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Controversial Rahm Skit Stays in Teen Play, Sells Out Opening Night

By Alisa Hauser | February 3, 2014 12:00pm
 "Cold Summer," a playformance about Chicago's violence and the young people living in it, runs at 6:30 p.m. Fridays and 2:30 p.m. Saturday through Feb. 15.
"Cold Summer" at Free Street Theater
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NOBLE SQUARE — A sketch critical of Mayor Rahm Emanuel that was too controversial for a city after school program has made its way to Noble Square's Free Street Theater.

In "Cold Summer," Omari Ferrell, a junior from Kenwood Academy, plays "Mayor Rahmye," a cross between Emanuel and Kanye West, who proclaims, "I'm Hitler, Stalin, Christopher Columbus."

The sketch was conceived last summer during an after school arts program founded by the late Maggie Daley. Officials at After School Matters told the adult director, Ricardo Gamboa, that the sketch was not acceptable, Gamboa said. After School Matters also objected to the use of obscenities.

Because they didn't want to lose funding, the ensemble produced an improv show in August that met the approval of After School Matters, fulfilling the requirement of putting on a final show for the summer program, Gamboa said.

 Members of The Young Fugitives with director Ricardo Gamboa, third from center in bottom row.
Members of The Young Fugitives with director Ricardo Gamboa, third from center in bottom row.
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DNAinfo/Alisa Hauser

But they have since continued working on "Cold Summer" as an independent production and have rehearsed in the Pilsen home of Gamboa's parents.

Billed as a "playformance," "Cold Summer" opened Friday to a soldout crowd at the 50-seat Free Street Theater, 1419 W. Blackhawk St. in Noble Square.

Described by its creators "a play about Chicago's violence by the young people living in it," the show was written by 12 members of an ensemble that calls itself "The Young Fugitives."

In the sketch, "Mayor Rahmye" refuses to answer questions from a mob of reporters asking about school closings and the shuttering of mental health clinics. Finally, Rahmye responds, "You ain't got the answers."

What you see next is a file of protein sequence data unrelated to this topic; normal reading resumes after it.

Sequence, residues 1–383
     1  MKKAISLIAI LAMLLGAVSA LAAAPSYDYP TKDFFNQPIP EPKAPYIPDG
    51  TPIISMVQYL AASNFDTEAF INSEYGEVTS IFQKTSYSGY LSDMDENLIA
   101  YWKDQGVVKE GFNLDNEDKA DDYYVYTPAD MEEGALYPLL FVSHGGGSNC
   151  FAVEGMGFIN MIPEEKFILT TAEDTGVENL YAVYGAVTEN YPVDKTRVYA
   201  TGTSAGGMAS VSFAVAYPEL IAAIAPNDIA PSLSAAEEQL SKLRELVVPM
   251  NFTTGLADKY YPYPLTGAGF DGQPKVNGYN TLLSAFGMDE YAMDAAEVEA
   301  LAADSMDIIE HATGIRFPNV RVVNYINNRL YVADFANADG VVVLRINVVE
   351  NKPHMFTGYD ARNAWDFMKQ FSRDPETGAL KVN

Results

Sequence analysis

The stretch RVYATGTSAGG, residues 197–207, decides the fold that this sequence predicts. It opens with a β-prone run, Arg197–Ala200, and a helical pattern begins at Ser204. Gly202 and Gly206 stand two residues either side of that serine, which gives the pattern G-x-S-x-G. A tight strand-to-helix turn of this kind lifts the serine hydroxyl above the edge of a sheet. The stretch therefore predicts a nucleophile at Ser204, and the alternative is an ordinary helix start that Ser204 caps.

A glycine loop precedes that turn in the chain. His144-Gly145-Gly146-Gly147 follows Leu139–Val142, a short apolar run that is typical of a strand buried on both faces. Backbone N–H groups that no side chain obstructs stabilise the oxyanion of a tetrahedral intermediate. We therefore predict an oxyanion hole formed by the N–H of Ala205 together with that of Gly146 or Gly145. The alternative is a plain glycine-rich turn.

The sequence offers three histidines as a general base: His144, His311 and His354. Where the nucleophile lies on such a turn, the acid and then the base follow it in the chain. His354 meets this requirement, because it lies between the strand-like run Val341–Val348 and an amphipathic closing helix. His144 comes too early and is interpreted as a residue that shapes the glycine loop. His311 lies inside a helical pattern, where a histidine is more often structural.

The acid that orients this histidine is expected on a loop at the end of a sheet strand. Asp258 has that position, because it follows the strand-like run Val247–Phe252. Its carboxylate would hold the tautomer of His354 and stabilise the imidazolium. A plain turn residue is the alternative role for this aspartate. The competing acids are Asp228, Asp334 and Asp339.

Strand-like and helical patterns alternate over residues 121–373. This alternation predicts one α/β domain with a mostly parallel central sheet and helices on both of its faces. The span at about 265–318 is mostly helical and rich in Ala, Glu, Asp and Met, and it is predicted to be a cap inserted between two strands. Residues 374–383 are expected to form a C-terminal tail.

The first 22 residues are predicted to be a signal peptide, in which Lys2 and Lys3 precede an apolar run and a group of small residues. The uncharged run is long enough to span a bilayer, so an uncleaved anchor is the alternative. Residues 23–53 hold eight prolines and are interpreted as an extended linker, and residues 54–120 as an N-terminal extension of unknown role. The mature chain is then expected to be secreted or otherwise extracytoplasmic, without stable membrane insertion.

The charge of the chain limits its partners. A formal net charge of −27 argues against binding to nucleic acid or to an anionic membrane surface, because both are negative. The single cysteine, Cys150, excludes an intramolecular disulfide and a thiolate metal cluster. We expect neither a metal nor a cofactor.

"They didn't want to let it go, they wanted more people to see it," Gamboa said of the teen thespians, who attend several Chicago Public high schools.

Ferrell, 16, said he got the idea for the "you ain't got the answers" line after watching West's outburst during an interview and then added it to an earlier version of the same sketch. Gamboa encouraged participants to draw from their experiences.

After a routine visit to the workshop, an After School Matters representative took a copy of the script and said "you can't critique the mayor," Gamboa said. The group was also told to "take out parts, swear words," he added.

"Mayor Rahmye" is only a small part of the 90-minute play, said Gamboa, a writer and filmmaker who worked with the teens as part of Commercial Free, a youth performance arm of the Yollocalli Arts Reach and After School Matters.

After School Matters spokesman Michael Crowley said in a statement that performances are presented before audiences that include families and younger children. After School "strongly discourages any content, including but not limited to profanity and defamation, which could be considered disturbing or inappropriate for such audiences," Crowley said.

After School officials tell program leaders the policies prior to the start of all program sessions and during the creation of the presentations, he said. The policies are included in program contracts, Crowley added.

After School has "standards and policies to protect the best interests of our teens and to help them succeed in our programs," he said.

In one part of the sketch, one character calls Emanuel "a bad man who closes down schools, a bad man who doesn't know how to slice meat," the latter referring to an accident the mayor had as a teenager working at Arby's that resulted in the loss of a finger.

Though "Rahmye" may have been the most controversial, the rest of the play tackles heavy issues, including the death of friends and parents, anger and frustration over gangs, gender roles and the depiction of Chicago violence in the media.

Weaved throughout the sketches are first-person monologues. One student talks about witnessing another student get stabbed with a pencil while using a urinal in a CPS bathroom. Tyran Freeman, a junior at John Hope College Prep, talks about grieving over a cousin who was beaten by 20 people and was on life support for two days before he died.

"Everything they say is their true story," said Gamboa, 33, who has been volunteering his time to fly back to his hometown of Chicago to work with the ensemble between working on his own career in New York City, where he lives.

Though the students received a stipend for being in After School Matters, they receive no money now that the play is independently produced under the The Young Fugitives banner.

Gamboa said the members of the ensemble are using proceeds from tickets sales for bus and train fare to and from rehearsals and performances at Free Street.

In addition to the Noble Square theater, rehearsals were also held at Benton House in Bridgeport and Gamboa's parents' home.

Eliseo Real, 18, dropped out of Farragut Academy but continues to perform with The Young Fugitives.

After a matinee performance Saturday, Real said, "We have a lot of freedom. The only guideline is speak the truth."

"Cold Summer" runs at 6:30 p.m. Fridays and 2:30 p.m. Saturdays through Feb. 15 at Free Street Theater, 1419 W. Blackhawk St. inside the Pulaski Park Field House, 3rd Floor. Tickets are 5-$20 or pay what you can. Purchase tickets online or at the door.